The Steel Drum Band Porch
Many years ago, in a life far, far away, I lived in a 100+ year old home. It was a great home. It had many of the problems you can have with an old house, but we (x-wife and I) had put in a lot of sweat equity in fixing it up. It was a block away from Main Street in a nice little town, and a block away from the train station which gave me a sweet commute to the city.
The first thing I did to this house was knock out a door and windows in the enclosed front porch, and restored it to the original open air porch that the builder in 1904 intended.
I loved that front porch and spent many hours on it. The house was on a slight hill and far enough from the sidewalk that I could observe what was going on in the neighborhood without feeling the need to wave and say hello to everyone who passed by.
One year, after a weekend visit to Cape May, I had a brilliant idea. Cape May is an old Jersey Shore town known for its beautiful old Victorian houses. These houses are all painted very colorfully. I thought “I live in an old house; I bet it would look beautiful if I painted it colorfully.” It did not occur to me that the multiple color thing really only works for old Victorian houses, not just old houses.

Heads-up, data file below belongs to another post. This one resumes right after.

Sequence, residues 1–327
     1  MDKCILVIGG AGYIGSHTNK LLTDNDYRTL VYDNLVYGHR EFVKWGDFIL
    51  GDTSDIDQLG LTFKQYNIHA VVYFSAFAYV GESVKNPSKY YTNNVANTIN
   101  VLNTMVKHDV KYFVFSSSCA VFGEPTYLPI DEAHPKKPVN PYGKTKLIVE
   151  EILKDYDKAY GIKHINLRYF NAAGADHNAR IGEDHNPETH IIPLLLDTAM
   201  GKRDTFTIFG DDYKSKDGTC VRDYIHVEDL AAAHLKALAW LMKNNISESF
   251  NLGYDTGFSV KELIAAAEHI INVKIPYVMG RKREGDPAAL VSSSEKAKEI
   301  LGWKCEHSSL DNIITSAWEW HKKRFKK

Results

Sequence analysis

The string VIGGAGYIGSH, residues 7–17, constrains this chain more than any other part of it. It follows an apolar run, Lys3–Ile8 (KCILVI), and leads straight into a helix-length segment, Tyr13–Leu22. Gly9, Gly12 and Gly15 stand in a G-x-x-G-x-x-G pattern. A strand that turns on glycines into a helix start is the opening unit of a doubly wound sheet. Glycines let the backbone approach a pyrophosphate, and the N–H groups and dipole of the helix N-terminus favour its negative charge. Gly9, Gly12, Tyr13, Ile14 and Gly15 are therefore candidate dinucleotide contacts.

I painted the inside of the porch a lime green. The floor was already a British Racing green; I painted the ceiling a light red. The porch had four large openings with classic arches where I blew out the crappy windows and a large arched opening where I blew out the crappy front door when I restored the porch to its original glory. I painted the inside of all those arches a dark maroon.
It took me all day on a Saturday to complete this masterful paint job. When I was done I assumed it was very popular as I noticed many cars slow down and gaze at my porch.
My across-the-street neighbor “Big John” (an x-European League basketball player) crossed over to get a closer look.
“Hey Big John, what do you think? I’m going for a Victorian look.”
“Nice, nice…very unique. Every time I look at it from my house I hear a Caribbean steel drum band in my head!”
It took me all day and two coats of white paint on Sunday to cover what I painted on Saturday.